Birding Column: Banding Birds at Devils Postpile

Mathew Tekulsky
The Birdman of Bel Air
February 3, 2004

Mathew Tekulsky writes a regular column about birding in his backyard and neighborhood in Bel Air, California. You can follow his encounters with the birds of the Santa Monica Mountains here on National Geographic News BirdWatcher every fortnight or so.

It was 6:30 a.m. in early August, and I had just driven in to the Devils Postpile National Monument near Mammoth Springs, California. As I walked through the campground to catch the trail to the Postpile (the name given to 60-foot columns of basalt in the area), I saw a telltale sign that told me that birders were around—and not just birders, but professional birders.

It was a fold-up table that was covered with bird-banding paraphernalia—bands, calipers, rulers, pliers, clipboards with notes, identification books, a scale—the usual assortment of gadgets that field biologists use to capture, measure, weigh, and otherwise study birds before releasing them back into the wild.

I had stumbled upon the eastern crew of PRBO Conservation Science, and for the next five hours, I watched field biologists River Gates, Gernot Huber, and Leah Culp (along with volunteer Margina Rhyne) capture and band more than 100 birds, including the orange-crowned warbler; Wilson's warbler; MacGillivray's warbler; yellow warbler; Steller's jay; song sparrow; Oregon junco; lazuli bunting; calliope hummingbird; pine grosbeak; and the irrepressible red-breasted sapsucker.

Each bird was captured in one of the ten nets that the biologists had placed among the willows on the edge of the meadows and along the river's edge. The nets were made of 30-millimeter (1.2-inch) green mesh and were about 30 feet (nine meters) long and seven feet (two meters) high. The birds would fly into the netting and then drop into a pocket that was built into each side of the net.

The nets were operated for five hours, starting fifteen minutes after sunrise, and they were checked every half hour for new captures. The crew conducted studies at this site every ten days, from May 1 through August 15. This methodology is identical to those of other field biologists in other locations, so that everyone's results are consistent and easily comparable. The aggregate results are designed to give a clear and accurate picture of bird populations throughout the territories that are studied.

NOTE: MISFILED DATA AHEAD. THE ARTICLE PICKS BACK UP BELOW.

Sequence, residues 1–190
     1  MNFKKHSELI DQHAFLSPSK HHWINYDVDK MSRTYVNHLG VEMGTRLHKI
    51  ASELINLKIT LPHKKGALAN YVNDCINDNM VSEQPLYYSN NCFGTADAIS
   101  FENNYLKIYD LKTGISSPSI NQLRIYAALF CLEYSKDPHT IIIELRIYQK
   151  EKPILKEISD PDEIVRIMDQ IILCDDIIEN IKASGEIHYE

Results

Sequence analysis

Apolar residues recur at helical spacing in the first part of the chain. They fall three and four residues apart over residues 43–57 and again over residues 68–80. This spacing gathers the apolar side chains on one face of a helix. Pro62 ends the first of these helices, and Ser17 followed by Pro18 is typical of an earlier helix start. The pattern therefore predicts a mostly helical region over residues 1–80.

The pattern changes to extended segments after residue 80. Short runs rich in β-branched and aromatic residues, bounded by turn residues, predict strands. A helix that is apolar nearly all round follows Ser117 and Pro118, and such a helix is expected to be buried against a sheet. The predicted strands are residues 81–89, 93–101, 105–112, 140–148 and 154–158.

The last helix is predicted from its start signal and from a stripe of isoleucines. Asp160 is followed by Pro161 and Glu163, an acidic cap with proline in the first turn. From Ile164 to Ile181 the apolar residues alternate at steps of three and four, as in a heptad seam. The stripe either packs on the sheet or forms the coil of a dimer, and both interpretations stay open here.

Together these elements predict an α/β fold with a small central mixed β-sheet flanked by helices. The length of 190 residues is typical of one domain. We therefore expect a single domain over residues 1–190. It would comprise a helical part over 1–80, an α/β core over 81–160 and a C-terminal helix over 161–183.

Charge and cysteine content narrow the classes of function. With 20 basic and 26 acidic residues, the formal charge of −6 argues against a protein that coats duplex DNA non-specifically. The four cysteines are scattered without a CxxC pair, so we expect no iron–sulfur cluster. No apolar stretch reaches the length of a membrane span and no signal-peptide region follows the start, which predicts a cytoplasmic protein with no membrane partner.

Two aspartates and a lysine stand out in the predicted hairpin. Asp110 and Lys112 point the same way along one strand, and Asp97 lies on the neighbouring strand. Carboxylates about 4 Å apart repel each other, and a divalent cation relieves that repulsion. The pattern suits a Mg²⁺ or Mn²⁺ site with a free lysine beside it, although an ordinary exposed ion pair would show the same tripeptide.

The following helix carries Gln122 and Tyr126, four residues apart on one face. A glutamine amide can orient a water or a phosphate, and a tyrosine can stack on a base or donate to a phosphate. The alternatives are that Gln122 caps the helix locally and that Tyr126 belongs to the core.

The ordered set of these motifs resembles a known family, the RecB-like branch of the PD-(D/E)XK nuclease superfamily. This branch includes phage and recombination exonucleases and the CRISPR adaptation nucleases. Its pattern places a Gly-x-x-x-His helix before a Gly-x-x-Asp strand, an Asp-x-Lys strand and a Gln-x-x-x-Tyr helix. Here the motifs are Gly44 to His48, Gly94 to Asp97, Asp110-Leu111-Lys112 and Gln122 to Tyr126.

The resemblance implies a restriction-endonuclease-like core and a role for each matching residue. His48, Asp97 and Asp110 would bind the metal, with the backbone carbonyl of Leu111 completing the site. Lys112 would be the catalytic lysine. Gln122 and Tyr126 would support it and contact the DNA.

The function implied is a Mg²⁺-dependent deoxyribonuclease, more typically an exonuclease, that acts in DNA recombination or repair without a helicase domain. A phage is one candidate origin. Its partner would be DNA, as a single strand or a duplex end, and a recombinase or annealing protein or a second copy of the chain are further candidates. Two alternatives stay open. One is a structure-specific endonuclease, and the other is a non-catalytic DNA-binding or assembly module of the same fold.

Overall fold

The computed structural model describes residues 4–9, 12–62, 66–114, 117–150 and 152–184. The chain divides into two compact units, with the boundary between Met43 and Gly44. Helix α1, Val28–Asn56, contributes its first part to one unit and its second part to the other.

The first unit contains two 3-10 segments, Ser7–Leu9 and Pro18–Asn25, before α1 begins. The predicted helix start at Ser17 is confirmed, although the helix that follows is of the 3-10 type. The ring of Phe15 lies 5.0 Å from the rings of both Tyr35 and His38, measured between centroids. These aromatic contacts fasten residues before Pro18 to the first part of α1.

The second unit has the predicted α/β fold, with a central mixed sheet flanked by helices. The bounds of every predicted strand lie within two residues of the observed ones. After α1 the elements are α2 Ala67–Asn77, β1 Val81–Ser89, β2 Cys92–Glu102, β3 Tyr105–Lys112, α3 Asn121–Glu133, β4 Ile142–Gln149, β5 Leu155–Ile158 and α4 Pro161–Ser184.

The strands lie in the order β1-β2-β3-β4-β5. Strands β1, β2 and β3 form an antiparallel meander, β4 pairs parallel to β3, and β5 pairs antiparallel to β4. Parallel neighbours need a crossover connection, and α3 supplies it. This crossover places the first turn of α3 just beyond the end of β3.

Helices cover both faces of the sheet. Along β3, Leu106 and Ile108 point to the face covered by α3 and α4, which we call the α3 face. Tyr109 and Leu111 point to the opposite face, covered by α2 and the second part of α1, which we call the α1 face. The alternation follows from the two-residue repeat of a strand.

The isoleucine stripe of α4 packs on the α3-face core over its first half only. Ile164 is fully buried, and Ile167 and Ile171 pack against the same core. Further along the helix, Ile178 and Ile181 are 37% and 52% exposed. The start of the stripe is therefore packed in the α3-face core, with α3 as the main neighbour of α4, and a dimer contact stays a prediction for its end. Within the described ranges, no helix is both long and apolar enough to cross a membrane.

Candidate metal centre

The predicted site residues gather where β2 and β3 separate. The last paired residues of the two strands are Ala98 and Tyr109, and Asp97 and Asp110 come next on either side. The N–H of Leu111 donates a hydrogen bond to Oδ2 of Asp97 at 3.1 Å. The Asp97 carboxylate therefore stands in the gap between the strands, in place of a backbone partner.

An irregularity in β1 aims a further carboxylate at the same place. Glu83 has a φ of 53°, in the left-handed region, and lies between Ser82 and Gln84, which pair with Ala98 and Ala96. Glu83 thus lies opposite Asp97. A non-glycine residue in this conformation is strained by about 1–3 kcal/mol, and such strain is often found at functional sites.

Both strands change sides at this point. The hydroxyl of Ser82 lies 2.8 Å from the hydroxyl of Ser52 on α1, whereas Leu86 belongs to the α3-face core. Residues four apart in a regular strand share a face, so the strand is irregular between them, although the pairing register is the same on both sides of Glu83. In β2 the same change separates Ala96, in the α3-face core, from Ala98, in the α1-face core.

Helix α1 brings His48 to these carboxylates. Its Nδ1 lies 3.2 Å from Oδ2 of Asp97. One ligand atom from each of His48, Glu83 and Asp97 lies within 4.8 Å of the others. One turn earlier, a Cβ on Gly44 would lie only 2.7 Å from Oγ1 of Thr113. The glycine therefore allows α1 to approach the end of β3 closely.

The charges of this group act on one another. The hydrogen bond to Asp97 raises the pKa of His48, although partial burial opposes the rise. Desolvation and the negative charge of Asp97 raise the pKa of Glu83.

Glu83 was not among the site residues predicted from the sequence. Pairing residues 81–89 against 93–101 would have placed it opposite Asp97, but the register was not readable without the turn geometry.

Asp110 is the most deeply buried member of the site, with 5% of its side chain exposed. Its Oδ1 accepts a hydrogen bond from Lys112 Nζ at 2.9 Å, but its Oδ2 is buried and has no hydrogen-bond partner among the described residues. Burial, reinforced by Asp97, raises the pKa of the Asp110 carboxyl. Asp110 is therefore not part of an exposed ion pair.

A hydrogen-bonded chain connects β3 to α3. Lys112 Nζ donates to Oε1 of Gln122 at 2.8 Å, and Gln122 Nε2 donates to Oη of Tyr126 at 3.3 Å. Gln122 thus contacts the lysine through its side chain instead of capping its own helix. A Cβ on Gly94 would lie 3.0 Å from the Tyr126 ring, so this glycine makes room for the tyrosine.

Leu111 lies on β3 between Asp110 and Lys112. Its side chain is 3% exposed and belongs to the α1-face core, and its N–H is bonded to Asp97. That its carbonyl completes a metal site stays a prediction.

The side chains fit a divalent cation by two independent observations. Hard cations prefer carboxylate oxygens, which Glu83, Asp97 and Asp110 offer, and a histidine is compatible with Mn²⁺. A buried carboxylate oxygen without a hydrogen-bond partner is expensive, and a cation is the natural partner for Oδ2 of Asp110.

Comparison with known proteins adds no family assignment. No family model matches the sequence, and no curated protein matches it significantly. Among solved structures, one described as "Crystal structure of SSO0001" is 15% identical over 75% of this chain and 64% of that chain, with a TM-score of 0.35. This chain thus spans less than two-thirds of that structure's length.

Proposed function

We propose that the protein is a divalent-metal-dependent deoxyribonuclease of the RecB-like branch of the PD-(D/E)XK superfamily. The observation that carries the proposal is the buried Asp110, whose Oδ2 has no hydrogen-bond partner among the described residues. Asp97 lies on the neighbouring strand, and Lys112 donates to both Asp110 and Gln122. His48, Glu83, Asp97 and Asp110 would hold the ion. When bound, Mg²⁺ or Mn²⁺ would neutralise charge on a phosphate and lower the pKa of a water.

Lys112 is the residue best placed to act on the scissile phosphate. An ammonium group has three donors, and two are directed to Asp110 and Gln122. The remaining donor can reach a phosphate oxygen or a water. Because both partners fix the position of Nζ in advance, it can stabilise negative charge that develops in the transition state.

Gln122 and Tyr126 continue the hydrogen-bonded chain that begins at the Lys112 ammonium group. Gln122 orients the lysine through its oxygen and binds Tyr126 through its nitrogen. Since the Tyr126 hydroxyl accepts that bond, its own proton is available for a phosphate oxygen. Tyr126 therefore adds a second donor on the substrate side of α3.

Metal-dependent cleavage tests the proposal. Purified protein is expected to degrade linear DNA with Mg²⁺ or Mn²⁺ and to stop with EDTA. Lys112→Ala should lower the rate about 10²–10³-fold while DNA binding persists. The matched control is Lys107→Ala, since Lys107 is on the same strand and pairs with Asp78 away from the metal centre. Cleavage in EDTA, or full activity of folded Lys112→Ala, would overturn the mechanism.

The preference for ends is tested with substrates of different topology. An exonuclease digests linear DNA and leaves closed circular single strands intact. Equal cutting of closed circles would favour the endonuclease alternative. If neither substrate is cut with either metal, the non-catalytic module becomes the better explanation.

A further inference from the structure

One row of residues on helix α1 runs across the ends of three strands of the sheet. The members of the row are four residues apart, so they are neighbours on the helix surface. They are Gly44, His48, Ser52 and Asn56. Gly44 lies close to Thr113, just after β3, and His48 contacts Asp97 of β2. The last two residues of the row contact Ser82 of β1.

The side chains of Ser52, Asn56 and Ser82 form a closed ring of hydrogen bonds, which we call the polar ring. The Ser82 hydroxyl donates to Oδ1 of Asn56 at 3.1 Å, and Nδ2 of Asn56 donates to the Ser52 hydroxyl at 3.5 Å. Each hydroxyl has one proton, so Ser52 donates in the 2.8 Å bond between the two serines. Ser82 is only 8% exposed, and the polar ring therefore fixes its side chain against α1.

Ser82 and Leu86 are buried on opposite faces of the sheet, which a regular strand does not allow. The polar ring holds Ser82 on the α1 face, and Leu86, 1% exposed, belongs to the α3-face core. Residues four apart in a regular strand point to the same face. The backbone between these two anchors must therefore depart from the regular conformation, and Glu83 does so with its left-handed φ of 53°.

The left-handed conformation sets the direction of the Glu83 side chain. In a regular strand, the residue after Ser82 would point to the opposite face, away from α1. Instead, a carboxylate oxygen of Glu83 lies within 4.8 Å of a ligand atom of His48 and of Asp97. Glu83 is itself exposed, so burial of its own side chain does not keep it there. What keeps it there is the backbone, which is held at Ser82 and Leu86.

The first bird that I saw banded was a calliope hummingbird. It was given the number Y89802, but since hummingbird bands are so small, the Y equals the number 4000. Each bird, therefore, has a nine-digit number on its band—room for endless combinations.

Needless to say, this was a priceless opportunity to observe tiny birds such as the warblers up close. But by far the most fascinating character of this group was the red-breasted sapsucker. Now, this fellow flies into the net, and as soon as he becomes entangled, he stays perfectly still and quiet, so as not to attract predators. He also remains silent while he is transported back to the table in a small cloth bag, and he remains quiet while he hangs in the bag after it is attached to a clothespin under the side of the table, as each bird waits his turn to be studied.

But as soon as he is taken out of the bag, he starts squawking, flapping his wings wildly, and flailing his feet in an attempt to get free from his handlers. Meanwhile, his leg is banded; his beak and feathers are measured; the scientists blow on his belly to expose his bare abdomen and see if any fat has been deposited there; and he is weighed. This is accomplished by placing him upside down in an empty can of fruit juice concentrate that is open on one side. The bird's rump sticks out of the top of the can, but since he's scrunched in there so tightly, he can't move, and since he can't see in the dark, he remains quiet.

But as soon as he's pulled out of that can, there go the wings again, there goes the squawking (or rather, screeching!), and there go the claws, digging into the fingers of our intrepid scientists. Indeed, it takes about one to three minutes of prying in order to extricate the tight grip of these claws from a person's hand. But finally, the bird is free, and off he flies into the clear blue yonder.

All in a day's work.

Tail Piece: Why Birds Are Banded

Continued on Next Page >>


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